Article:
When Our Failures Define Us


I love when you talk about your college experience. So many of you tell stories that make it sound like it was really hard to leave that part of your life behind. I love hearing about the classes you took, friends you made, and groups you were a part of.

I have a hard time talking about my college experience and I think a lot of that lands on my last semester. My last semester of college was not ideal. You know how they encourage you to take the most difficult classes early on? Yeah, I didn’t do that. In fact, I had waited way too long to take my last Accounting class and to say I was terrible at accounting is the understatement of the year. I was working several jobs and trying to finish this last class, along with a few other classes that were directly related to my major and essentially a breeze.

Let me tell you about accounting, though. So I took Accounting I and did terrible. I was advised to retake it so that Accounting II wouldn’t be so difficult. The only problem was that I took it with a Russian lady who never showed up and when she did, could not clearly communicate the material. We called it even and she passed all of us in exchange for a decent review. Yay, I got a B. Which became a problem in Accounting II.

I understood nothing. Each test was increasingly more difficult than the one before and all the tutoring in the world wasn’t helping. Plus, it was one of those classes where everything hangs on 3 tests and a project. Projects are my jam though, you know? Like, I just get them and they get me. So I fail the first two tests. It’s almost comical how bad I actually do. Then I start to grasp the material and I think I’m going to be able to pull out a somewhat passing grade on this last test. I do the project. I actually get a 96 on that. You’re welcome, Accounting II. So glad I could teach you about the checks and balances of Walt Disney Co. Then I get the test back. On a regular day, that grade would have been fine. I could get by on that grade on any other class. But not this day.

Guys, I failed the last class that I needed to graduate in my final semester by TWO points.

Can we take a moment of silence for that?

Now, we can talk about how I didn’t study or learn the material all day long, but NOTHING could console me in that moment of finding out that I would indeed not be graduating on time. Two days before Christmas, I leaned over a puzzle with Muppet Christmas Carol in the background and just wept for what felt like eternity. I threw my double stuff oreo at the wall as I finished the last sentence of the email “unfortunately, you will need to retake this class”.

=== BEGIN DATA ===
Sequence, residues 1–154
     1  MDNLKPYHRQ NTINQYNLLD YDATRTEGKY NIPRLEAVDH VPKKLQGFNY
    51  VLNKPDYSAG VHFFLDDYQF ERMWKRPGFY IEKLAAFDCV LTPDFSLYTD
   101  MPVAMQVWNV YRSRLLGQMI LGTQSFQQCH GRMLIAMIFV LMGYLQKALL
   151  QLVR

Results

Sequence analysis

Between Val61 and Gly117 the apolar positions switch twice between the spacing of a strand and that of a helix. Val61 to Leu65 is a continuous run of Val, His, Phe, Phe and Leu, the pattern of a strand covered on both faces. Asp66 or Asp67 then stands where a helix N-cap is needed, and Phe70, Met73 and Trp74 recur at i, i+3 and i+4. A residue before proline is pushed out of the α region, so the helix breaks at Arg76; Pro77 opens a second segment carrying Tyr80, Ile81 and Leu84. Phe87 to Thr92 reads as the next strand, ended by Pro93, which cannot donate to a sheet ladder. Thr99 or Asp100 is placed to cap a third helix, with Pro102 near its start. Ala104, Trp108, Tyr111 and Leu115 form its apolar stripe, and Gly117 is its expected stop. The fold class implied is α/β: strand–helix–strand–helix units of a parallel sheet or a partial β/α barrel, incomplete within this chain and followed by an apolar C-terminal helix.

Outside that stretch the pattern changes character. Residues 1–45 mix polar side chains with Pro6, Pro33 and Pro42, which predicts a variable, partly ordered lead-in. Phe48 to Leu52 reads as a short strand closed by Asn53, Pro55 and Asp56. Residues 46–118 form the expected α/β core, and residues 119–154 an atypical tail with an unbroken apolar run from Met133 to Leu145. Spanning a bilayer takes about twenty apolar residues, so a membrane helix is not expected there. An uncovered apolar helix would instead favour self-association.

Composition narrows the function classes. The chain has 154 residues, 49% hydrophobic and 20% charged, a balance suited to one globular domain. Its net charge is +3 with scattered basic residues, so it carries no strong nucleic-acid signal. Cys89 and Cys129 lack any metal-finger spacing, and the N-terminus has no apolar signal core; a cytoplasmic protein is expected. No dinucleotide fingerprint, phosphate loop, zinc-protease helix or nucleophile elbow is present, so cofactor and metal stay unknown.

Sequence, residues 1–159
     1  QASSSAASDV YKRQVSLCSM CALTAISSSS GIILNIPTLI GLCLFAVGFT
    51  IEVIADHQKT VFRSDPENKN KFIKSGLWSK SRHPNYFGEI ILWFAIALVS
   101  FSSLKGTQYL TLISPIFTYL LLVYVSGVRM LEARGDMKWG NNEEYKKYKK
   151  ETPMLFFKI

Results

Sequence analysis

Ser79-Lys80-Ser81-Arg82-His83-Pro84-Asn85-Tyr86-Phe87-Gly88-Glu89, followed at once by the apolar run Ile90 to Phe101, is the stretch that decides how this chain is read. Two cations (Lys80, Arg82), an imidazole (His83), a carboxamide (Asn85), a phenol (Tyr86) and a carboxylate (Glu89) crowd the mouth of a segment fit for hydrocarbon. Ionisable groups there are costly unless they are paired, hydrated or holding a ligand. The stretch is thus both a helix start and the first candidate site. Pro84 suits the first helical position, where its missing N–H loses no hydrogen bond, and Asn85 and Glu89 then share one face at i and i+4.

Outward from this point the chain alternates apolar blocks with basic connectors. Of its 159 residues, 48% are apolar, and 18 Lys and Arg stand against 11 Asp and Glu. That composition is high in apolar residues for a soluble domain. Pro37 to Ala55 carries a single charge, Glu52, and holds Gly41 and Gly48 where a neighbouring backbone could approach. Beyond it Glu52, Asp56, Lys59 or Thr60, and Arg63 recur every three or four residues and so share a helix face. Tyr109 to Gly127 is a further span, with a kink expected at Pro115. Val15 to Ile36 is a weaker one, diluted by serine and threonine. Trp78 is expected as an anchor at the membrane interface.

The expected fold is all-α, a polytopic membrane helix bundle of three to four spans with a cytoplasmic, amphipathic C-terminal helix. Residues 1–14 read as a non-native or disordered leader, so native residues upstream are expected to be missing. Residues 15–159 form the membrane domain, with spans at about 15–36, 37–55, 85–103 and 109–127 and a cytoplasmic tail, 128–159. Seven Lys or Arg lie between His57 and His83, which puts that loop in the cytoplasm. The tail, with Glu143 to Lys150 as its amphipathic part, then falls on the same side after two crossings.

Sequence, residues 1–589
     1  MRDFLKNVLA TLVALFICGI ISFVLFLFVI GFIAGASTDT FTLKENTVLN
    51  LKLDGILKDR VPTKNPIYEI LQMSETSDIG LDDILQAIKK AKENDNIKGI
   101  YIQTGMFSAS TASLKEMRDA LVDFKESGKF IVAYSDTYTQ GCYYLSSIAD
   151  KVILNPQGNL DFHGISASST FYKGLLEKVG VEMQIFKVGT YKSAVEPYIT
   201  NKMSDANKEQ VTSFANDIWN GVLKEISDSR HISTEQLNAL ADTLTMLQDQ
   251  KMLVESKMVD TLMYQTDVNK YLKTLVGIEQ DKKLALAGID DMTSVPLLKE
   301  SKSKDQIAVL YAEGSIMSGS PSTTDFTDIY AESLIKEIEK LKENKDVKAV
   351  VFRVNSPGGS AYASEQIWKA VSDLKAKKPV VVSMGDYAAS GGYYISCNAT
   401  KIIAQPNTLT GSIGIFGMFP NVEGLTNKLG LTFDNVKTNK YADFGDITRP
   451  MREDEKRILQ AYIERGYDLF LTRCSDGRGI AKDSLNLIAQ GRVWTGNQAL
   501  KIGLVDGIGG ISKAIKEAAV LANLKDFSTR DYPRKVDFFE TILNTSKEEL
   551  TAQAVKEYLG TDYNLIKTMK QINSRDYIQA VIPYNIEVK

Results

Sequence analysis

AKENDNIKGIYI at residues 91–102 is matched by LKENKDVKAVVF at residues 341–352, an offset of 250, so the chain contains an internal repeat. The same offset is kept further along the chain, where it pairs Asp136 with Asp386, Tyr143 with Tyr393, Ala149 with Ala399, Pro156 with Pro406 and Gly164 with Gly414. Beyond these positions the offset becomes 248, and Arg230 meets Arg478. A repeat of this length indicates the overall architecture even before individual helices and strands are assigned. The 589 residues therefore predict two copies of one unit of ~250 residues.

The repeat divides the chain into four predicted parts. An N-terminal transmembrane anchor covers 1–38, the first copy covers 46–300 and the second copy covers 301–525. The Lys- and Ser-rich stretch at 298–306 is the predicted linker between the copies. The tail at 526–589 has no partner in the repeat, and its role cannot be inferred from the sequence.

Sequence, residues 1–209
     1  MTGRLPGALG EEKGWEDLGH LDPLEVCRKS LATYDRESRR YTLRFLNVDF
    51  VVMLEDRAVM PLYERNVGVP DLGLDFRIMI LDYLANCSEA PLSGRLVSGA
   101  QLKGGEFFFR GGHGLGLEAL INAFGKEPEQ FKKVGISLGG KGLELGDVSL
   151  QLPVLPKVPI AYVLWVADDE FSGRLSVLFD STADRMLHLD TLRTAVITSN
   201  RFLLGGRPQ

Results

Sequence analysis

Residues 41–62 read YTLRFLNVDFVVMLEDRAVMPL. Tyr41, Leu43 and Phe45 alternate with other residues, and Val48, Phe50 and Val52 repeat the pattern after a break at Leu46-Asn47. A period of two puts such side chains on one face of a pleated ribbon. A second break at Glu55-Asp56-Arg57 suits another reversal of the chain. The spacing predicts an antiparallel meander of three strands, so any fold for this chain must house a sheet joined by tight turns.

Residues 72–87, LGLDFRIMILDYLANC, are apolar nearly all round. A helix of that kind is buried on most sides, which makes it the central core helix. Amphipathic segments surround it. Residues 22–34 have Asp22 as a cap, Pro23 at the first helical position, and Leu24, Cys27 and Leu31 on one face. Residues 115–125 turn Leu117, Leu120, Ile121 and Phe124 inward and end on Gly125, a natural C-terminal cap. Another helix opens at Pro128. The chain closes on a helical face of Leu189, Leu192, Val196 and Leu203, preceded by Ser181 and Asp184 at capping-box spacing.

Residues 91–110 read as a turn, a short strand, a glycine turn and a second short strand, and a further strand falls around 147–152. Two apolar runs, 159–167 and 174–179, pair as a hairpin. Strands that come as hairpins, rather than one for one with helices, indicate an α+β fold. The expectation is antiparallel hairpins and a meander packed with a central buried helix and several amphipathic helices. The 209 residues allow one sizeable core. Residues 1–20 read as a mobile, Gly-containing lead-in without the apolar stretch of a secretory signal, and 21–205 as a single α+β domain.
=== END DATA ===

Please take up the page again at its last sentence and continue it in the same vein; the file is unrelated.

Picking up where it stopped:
Nothing could cut me as deep as that failure did. I walked in shame for the next year as I ignored the fact that I had not actually graduated. I haven’t even addressed the failing of that class until, well, until I decided to write about it. I danced around it for almost a whole year. I didn’t want anyone to bring it up and I wanted to just pretend like I wasn’t three credits shy of a diploma. After a tough conversation and a small bribe, I begrudgingly took a four hour a day Saturday class through March and April so we could stop ignoring the fact that I had not in fact graduated. I didn’t even walk because I was so ashamed of what I had not been able to accomplish in my ideal time frame. I couldn’t run from my failure and it haunted me that entire year.

When we fail, shame whispers our name and lures us to follow it into the depths of grief and pain. It tells us that we will never be good enough and that our failures can never be redeemed. Shame is such a liar. It makes us walk with a the heaviest baggage and tells us we aren’t strong enough to walk at all. Shame makes us feel like we are not the whole human beings that Jesus makes us into. Shame is the enemy.

I want to tell you that it’s easy to think about that time and that day because it’s over with. I want to tell you that I am so proud that I finished college and can hold a diploma with my name on it. But some days I try to forget the whole experience because I walked in that shame for so long over what I perceived to be my biggest failure.

Shame can cause division. Division between us and others. Division between us and Jesus. We choose to walk alone because we carry around the judgement that may not even be there. Our failures do not have to be divisive. Jesus took our shame with Him on the Cross so we didn’t have to hold on to it our entire lives.

Accounting II does not define me. My diploma (which is sitting beneath a stack of papers holding my spare room together) does not define me. I am a whole human being with or without that grade. But sometimes we let our failures define us for too long and carry their weight until they nearly suffocate us. We can breathe easy, though, knowing that we walk in freedom from our deepest failures and in our weakest moments.


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